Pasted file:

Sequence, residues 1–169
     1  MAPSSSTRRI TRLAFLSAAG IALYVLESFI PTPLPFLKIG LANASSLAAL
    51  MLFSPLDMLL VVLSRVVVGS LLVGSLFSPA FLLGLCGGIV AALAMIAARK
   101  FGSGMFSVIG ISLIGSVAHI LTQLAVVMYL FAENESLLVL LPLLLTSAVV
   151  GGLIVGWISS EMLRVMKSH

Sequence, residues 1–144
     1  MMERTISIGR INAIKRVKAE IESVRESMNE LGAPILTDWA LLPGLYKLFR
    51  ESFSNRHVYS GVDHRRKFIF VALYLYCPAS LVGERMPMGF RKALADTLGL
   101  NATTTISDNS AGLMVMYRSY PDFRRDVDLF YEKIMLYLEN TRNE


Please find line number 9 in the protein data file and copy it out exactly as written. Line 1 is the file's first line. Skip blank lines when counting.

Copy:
   101  NATTTISDNS AGLMVMYRSY PDFRRDVDLF YEKIMLYLEN TRNE